What does the Stanford offense look like

Stanford, in the most Stanford way possible, has a unique, old school style of offense. They still can line up in the shotgun, but they spend more time under center than any team Washington has faced this year. And, like all old-school teams, they like to run the ball. A lot. In fact, over 65 percent of their plays this year have been runs. You can’t really blame them with a back like Christian McCaffrey.

Basically, they get him the ball however they can, whenever they can. On the first drive of the year, Stanford threw a pass with McCaffrey lined out wide as a receiver, gave him the rock up the middle, and pitched it to him out of the i-formation. 

Obviously, stopping McCaffrey takes a lot of this offense’s bite, but that’s a lot easier said than done. However, if he can be stopped, Stanford’s output will rest in Ryan Burns’ hands. He averages fewer yards through the air than McCaffrey does on the ground. That’s not to say he isn’t efficient when he does throw the ball. Regardless, his less than 20 attempts per game should indicate how reliant they are on their workhorse.

Stanford isn’t a team that runs many plays either. Although their average time of possession is over 31 minutes, they only run about 59 plays per game.

Put it all together and you have an offense that isn’t really trying to hide anything. They’re going to run the ball, a lot, and find as many other ways as possible to get McCaffrey the ball. They’re fine with you knowing that, because it’s hard to stop either way.

What does the Stanford defense look like

In their base defense, the Cardinal share some similarities with the Huskies. Three linemen put their hands in the ground, while outside pass rush comes via two outside linebackers. When they’re in a 3-4, they’ll often creep Dallas Lloyd into the box to try to stuff the run. They’re a little diverse in their nickel packages, willingly subbing out a linebacker or a linemen to add a fifth defensive back.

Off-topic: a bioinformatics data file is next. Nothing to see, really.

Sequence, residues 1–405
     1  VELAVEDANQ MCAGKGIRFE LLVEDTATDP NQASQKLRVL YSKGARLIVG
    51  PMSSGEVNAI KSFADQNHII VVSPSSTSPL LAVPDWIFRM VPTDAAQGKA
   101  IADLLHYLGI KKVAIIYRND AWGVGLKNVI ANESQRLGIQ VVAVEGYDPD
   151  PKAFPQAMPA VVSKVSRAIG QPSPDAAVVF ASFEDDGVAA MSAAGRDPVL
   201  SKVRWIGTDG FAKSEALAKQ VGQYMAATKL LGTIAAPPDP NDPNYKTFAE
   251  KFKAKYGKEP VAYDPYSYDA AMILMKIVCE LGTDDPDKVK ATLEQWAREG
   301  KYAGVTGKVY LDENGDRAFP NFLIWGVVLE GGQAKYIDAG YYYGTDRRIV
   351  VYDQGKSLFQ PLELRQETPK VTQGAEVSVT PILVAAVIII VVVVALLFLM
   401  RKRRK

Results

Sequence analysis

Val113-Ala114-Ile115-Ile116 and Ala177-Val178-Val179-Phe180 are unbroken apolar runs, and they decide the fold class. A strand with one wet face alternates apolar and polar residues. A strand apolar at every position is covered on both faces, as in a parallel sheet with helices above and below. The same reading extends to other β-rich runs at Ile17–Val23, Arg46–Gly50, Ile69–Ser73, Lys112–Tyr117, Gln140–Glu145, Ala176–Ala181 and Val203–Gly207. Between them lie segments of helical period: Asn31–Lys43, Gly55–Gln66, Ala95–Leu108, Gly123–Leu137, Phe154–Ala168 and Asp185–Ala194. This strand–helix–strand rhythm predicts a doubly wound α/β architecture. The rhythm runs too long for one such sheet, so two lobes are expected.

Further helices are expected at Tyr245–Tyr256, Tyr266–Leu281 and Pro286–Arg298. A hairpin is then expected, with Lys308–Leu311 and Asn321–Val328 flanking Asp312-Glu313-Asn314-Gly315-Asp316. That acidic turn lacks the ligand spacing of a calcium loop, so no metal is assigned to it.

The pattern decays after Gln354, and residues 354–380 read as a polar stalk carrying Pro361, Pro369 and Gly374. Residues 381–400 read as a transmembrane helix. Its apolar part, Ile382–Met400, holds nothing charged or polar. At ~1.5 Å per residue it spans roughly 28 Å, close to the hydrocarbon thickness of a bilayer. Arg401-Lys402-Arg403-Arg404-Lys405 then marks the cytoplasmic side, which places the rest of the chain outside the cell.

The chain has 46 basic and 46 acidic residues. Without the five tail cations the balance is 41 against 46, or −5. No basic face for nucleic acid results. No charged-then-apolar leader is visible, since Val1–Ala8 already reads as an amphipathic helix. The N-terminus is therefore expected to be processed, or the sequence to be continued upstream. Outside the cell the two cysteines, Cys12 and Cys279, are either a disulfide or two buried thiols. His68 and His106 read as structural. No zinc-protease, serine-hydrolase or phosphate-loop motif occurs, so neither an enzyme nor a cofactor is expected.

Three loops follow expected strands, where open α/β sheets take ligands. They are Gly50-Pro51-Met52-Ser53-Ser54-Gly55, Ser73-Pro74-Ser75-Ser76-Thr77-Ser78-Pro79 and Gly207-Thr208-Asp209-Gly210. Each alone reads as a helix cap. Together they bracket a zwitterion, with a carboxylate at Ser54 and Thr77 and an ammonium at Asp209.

From a production standpoint, the Cardinal have been lights out this year, allowing only 12 points per game. This isn’t because of a high propensity to force turnovers, but because of their phenomenal red zone defense and ability to get off the field on third down. It also helps that their offense chews the clock something fierce.

From a numbers standpoint, they’ve been more dominant stopping the run, allowing less than 100 yards per game on the ground. However, they’re stingy through the air as well, allowing only two touchdowns through three games. But Quenton Meeks and Alijah Holder missing this Friday’s game with injury could open a few passing lanes for the Huskies. Both corners are 6-foot-2 and with shorter replacements, the Husky receivers should have an easier time getting off the line.

The bottom line is Stanford has an elite defense that has held USC and UCLA to a combined 23 points, and will pose a big challenge for the Huskies this week.

Keys to the Game


1. Force some turnovers - If there’s one field the Huskies have a glaring advantage in, it’s turnover margin. Stanford has only forced four turnovers through three games, while Washington is forcing over three a game. Losing the turnover battle is tough to overcome on the road against a top-10 team.

2. Clog all lanes - Lavon Coleman’s big game launched the Huskies to victory last week. If Stanford can keep all Husky runners from getting the hot hand and give Washington a hard time in the run game, it will make it even harder for the Dawgs to crack one of the best defenses in the nation.

3. Strike the pose - A Heisman-like performance from Christian McCaffrey makes it easier for the Cardinal to deconstruct the Husky defense. 


1. Time of possession - Part of what makes the Cardinal so tough to beat is opponents don’t have many chances to score on them. If the Huskies can have the ball for the majority of the contest on Friday, they could be the first team to score more than 13 on Stanford.

2. Be a Chameleon - Running the ball well got the Huskies out of the desert with a win. Throwing the ball helped the Huskies cruise through non-conference play. Adjusting to whatever Stanford throws at the Husky offense will be key if the Huskies want to successfully defend their house.

3. Purple Reign - This is the moment Husky fans have been waiting for for nearly 20 years. 70,000-plus will back the Dawgs on Friday. It’s time to channel all that energy and put on a show.